PROTECTING SMALL BUSINESS, PROMOTING ENTREPRENEURSHIP

Comments to USTR on Modernization of the NAFTA Agreement

By at 12 June, 2017, 9:18 pm

NAFTA NEGOTIATIONS 

Comments on Negotiations with Canada and Mexico Regarding Modernization of the North American Free Trade Agreement (NAFTA)

Submitted to the Office of the United States Trade Representative

Raymond J. Keating

Chief Economist

Small Business & Entrepreneurship Council

 

On behalf of the Small Business & Entrepreneurship Council (SBE Council), I am writing on the matter of the North American Free Trade Agreement (NAFTA) and the decision to commence negotiations with Canada and Mexico regarding modernization of the agreement.  In addition, I am requesting to testify on behalf of SBE Council on June 27, 2017 at the public hearing.

SBE Council is a nonpartisan, nonprofit advocacy, research and education organization that works to protect small business and promote entrepreneurship. For nearly 25 years SBE Council has worked to successfully implement a range of policy and private sector initiatives to strengthen the ecosystem for startups and small business growth. With more than 100,000 members nationwide, SBE Council focuses on advancing policies that are critical to a healthy ecosystem for startups and small businesses, including access to markets. Access to global markets is important to the growth and competitiveness of U.S. entrepreneurs and small businesses. Small businesses that are engaged in international trade grow faster, innovate and invest more, are more competitive and create higher-paying jobs.

With regard to NAFTA renegotiations, it is critical that in order for such negotiations to result in modernizing and strengthening an agreement that went into effect over 23 years ago, all parties stay true to free-trade goals and principles of reducing governmental barriers, obstacles and costs that limit opportunities for entrepreneurs, businesses, workers and consumers.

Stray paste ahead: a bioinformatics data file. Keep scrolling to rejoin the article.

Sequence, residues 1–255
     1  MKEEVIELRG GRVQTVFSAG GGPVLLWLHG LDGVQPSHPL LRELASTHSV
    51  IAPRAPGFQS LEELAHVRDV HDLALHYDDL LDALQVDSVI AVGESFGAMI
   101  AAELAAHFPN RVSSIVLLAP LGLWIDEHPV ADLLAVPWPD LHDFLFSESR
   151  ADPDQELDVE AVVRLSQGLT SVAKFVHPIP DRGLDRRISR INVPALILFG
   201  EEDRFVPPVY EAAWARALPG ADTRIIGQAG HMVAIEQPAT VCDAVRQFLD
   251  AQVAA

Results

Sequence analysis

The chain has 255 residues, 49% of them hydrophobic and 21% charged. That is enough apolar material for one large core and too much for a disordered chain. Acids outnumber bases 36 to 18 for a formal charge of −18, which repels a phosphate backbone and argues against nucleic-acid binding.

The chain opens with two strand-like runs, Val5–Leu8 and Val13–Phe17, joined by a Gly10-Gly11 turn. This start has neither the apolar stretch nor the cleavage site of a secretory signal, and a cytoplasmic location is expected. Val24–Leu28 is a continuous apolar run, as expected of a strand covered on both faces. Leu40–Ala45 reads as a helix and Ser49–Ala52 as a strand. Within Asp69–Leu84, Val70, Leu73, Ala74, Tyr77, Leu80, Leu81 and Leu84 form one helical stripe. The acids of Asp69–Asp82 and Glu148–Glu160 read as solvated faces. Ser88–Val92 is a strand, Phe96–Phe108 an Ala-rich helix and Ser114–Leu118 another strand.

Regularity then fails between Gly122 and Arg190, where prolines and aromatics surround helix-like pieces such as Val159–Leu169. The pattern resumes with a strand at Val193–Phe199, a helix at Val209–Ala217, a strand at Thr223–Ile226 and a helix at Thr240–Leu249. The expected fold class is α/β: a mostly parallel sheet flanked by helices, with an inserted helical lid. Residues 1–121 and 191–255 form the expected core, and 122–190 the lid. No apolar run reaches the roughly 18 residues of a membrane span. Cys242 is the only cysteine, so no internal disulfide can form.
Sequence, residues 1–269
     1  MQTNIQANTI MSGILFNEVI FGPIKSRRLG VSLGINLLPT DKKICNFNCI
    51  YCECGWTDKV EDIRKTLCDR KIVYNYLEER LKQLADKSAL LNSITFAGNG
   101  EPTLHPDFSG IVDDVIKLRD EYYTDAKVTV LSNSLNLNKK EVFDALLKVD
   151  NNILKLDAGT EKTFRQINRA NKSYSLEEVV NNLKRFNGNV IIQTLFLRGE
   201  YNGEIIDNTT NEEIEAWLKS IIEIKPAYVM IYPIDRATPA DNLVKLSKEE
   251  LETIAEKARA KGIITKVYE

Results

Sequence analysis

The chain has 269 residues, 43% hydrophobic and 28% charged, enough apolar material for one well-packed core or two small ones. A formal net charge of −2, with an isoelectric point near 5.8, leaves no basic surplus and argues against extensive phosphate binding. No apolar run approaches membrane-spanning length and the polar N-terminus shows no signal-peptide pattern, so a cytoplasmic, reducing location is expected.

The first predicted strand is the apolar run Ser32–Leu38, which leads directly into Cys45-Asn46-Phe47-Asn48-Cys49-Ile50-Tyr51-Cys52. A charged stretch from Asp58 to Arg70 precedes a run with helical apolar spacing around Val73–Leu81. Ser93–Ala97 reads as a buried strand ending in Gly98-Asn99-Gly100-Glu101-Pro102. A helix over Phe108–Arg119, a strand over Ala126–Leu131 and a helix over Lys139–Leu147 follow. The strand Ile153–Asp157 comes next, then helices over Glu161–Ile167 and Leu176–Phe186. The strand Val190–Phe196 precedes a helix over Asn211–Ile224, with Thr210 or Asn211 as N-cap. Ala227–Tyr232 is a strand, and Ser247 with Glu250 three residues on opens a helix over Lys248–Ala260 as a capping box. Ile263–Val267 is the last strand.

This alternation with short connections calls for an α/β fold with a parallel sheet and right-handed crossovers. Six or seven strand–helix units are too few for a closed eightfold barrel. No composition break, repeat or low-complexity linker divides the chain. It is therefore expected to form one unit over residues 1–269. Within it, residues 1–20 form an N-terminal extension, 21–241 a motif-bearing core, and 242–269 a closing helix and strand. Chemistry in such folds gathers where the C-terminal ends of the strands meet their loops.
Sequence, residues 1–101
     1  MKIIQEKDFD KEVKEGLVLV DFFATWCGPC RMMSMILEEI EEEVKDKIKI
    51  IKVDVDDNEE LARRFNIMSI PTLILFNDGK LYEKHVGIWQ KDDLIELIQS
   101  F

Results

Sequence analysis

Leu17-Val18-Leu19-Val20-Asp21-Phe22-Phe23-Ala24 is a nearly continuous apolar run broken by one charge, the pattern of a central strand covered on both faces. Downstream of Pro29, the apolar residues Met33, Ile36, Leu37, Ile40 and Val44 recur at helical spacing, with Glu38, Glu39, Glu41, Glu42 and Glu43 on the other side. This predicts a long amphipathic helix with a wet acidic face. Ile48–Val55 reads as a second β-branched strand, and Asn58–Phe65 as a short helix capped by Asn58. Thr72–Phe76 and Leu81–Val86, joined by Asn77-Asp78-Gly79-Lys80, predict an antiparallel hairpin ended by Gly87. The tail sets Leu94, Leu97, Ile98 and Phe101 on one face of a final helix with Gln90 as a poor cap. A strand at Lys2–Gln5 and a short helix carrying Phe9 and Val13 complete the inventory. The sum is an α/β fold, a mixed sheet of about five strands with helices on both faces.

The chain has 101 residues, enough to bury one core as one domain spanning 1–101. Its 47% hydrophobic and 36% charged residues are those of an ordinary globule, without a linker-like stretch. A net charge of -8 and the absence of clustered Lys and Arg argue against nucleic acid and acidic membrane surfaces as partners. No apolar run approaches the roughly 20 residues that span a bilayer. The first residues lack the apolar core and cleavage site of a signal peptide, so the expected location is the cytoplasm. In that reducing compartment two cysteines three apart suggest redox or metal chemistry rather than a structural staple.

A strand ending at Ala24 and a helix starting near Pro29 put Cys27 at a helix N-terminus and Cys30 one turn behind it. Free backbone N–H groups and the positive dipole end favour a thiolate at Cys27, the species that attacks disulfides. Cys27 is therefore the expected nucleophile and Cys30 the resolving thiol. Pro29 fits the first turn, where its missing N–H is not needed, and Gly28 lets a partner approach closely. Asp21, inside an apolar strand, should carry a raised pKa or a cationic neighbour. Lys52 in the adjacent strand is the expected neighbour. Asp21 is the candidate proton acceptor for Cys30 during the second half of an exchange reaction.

NAFTA’s Benefits for U.S. Trade

Make no mistake, the U.S. has benefited tremendously from NAFTA. Canada is the U.S. top partner in terms of total trade, including ranking as the top U.S. export market, and Mexico is number three, including being the second largest U.S. export market. For good measure, as estimated in a study for the U.S. Chamber of Commerce, 14 million jobs in the U.S. depend on trade with Canada and Mexico, with 5 million of those net jobs supported by increased trade under NAFTA.

Since free trade accords went into effect with Canada, Mexico and the U.S., export growth from the U.S. to both nations has been strong. The U.S. entered in a free trade agreement with Canada first, taking effect in 1989. From 1988 to 2016, U.S. goods exports to our neighbor to the north increased by 165.7 percent.

But export growth has been particularly strong with Mexico, since NAFTA took effect in 1994. U.S. goods exports to Mexico grew by 452.2 percent from 1993 to 2016. That was more than double the growth in U.S. exports to the world (a 212 percent increase in U.S. global goods exports over the same period).

Also, as reported in the Chamber study, it was noted: “With new market access and clearer rules afforded by NAFTA, U.S. services exports to Canada and Mexico have tripled, rising from $27 billion in 1993 to $82 billion in 2011.”

NAFTA’s Benefits for Small Business